Fencing – Securing The Insecure Border
The state of Pakistan has the 7th largest army in the world and is a nuclear power but is riddled with security issues. Many reported cases are connected with religious extremism. It seems very contradictory that such a powerful state could have problems with respect to defence and security. Even after 90 thousand casualties, people remain unprotected within the border of the country. Citizens have constantly been told that “Pakistan will not stand too long”, instilling fear! As a result we have invested our economy in nuclear defence, yet we are unable to provide for the basic needs of the majority of our population. We have shifted our focus from primary to secondary problems. We have spent billions on “war” and the “war on terror”. All the patriots of Pakistan have been emphasizing on freedom no matter what the cost. Such a sense of patriotism was also reiterated by Zulfiqar Ali Bhutto who said,
“We (Pakistan) will eat grass, even go hungry, but we will get one of our own (atom bomb)…. We have no other choice!”
Pakistan is a nuclear power and has a powerful army but the news continues to report 5 to 10 deaths during different incidents. The population is becoming more and more desensitized to the loss. A few years earlier, the army of Pakistan took serious measures to eradicate terrorism – the roots of which have been laid since the USSR conflict – and also started operation Zarb-e-Azb in the tribal areas of Pakistan. The action was taken due to pressure from China because of her economic involvement in Pakistan, because naturally, economic activity only prevails during peace.
The tribal areas of Pakistan soon became no-go areas. Everyone seemed familiar with the notion that Afghans and Pashtuns of Pakistan were homogenized in the name of Islam and jihad against USSR rather than USA. There was no clear difference between Afghans and Pashtuns. The influx of extremists was from Afghanistan, where they retreated into a state with far worse security. Incidents such as kidnappings, like the former Prime Minister’s son, are very much connected to the above-mentioned issues. The government needs to implement stricter policies to prevent the entry of unidentified persons who are unable to be tracked.
Throughout history, Pakistan has consistently participated in wars and matters which may or may not have directly affected its citizens. The country has become a part of proxy wars simply because of its strategic and geographical position and for that, the citizens of Pakistan have paid the price. It is time that we put our national interests first. Stakeholder institutions in Pakistan are observing this issue seriously with international support. The Durand Line crisis is at the forefront of policy discussion. According to media reports, people have not been allowed to cross the Afghan border. Both countries have been deploying extra troops and tanks to prevent trespassers from doing so. The Afghan government has openly been protesting against Pakistan for officially fencing a few areas in order to plug out illegal and secret border crossing.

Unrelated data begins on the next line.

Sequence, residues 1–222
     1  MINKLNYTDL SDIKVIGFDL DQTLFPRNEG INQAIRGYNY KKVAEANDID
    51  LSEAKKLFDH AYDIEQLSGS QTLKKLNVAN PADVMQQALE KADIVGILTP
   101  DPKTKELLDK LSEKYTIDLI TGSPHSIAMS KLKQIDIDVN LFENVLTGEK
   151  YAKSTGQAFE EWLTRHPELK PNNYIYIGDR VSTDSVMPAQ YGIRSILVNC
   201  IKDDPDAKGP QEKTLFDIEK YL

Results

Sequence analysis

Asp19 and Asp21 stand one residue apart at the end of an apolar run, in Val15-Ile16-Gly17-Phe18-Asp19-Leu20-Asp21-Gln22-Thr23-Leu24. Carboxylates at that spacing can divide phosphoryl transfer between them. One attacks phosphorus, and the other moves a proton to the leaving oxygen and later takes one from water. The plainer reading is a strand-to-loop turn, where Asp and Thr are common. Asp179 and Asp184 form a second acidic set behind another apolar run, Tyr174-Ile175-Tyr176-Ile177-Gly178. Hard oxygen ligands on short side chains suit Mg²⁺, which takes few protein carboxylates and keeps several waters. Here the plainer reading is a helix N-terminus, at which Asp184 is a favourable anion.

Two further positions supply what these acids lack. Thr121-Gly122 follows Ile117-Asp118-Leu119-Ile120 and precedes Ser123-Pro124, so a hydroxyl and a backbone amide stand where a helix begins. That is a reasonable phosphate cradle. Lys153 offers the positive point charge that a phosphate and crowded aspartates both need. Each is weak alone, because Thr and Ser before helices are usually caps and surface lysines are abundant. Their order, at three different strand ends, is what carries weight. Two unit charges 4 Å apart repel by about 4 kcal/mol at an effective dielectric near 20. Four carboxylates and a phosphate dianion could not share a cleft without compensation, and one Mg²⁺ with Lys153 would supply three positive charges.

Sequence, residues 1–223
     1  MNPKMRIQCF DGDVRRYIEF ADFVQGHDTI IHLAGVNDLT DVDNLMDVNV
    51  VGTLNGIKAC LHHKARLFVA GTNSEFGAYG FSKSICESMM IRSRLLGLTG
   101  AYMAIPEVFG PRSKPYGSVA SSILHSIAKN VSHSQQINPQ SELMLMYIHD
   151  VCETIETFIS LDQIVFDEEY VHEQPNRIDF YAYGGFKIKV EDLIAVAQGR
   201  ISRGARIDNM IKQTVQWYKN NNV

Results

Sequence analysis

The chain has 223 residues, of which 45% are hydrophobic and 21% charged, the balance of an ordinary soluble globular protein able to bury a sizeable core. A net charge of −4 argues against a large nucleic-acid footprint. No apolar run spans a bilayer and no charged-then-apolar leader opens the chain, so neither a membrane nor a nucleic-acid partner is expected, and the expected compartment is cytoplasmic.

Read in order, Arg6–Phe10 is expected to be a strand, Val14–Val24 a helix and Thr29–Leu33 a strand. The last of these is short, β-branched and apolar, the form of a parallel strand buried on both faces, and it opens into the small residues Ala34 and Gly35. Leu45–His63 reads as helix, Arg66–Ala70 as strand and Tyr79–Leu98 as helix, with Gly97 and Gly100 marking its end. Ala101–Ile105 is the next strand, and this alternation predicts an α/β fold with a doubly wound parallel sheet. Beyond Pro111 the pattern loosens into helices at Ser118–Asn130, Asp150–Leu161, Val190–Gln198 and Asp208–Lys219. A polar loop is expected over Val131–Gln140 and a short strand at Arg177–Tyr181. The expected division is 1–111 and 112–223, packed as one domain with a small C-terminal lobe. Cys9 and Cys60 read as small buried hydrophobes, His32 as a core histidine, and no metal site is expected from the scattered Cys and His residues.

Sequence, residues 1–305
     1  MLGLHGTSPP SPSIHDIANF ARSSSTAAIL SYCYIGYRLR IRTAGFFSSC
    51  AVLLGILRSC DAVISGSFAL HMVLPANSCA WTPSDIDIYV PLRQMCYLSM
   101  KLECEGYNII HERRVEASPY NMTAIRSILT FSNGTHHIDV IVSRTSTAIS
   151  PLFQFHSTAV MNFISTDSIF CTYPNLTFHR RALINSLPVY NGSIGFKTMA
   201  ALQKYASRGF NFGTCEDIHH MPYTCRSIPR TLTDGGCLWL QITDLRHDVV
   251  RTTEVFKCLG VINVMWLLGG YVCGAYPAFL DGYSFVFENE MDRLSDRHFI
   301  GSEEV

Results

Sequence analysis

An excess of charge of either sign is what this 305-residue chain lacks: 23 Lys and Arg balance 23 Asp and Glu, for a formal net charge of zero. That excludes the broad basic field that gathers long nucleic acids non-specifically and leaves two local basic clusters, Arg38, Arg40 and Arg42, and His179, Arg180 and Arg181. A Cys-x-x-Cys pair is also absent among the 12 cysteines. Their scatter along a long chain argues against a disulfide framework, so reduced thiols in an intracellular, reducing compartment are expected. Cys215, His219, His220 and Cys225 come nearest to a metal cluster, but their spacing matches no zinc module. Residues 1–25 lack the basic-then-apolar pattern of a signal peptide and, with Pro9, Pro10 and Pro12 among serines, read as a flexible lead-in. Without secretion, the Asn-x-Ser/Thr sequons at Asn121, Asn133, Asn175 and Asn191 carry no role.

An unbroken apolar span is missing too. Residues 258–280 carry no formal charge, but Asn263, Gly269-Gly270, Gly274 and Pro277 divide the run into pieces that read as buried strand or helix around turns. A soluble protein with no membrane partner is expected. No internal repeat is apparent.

There is a legitimate argument against border control between the two countries. Many Afghans seek medical treatment and employment opportunities in Pakistan. Both governments need to strike a balance between securing national interests and allowing safe passage to their neighbour.
The people of Pakistan do not have basic security. We need to secure our borders in order to prevent external threats from penetrating our space. We have already borne the expenses of the war on terror, we should continue on the path and bear the expenses of fencing the border. Not only would this secure peace but also lead to a stronger and prosperous Pakistan.
Pakistan has many reasons to uphold diplomatic relations with its neighbours. The government should take an independent stance without letting old agreements and policies act as hindrances. Checks on the border between Afghanistan and Pakistan should be dealt with analytically. If Afghanistan feels that its economic interests could be better protected by India, then Pakistan also has such a right to decide this.
We do have a choice. We can work towards diplomacy and against damaging policies. We can work for our people by way of border control, enhanced security and an improved economic status of the country. There is a dire need for a systematic change in Pakistan. We need to restore power to the people in general rather than to a small percentage of the population.
The views expressed in this article are those of the author and do not necessarily represent the views of any organization with which he might be associated.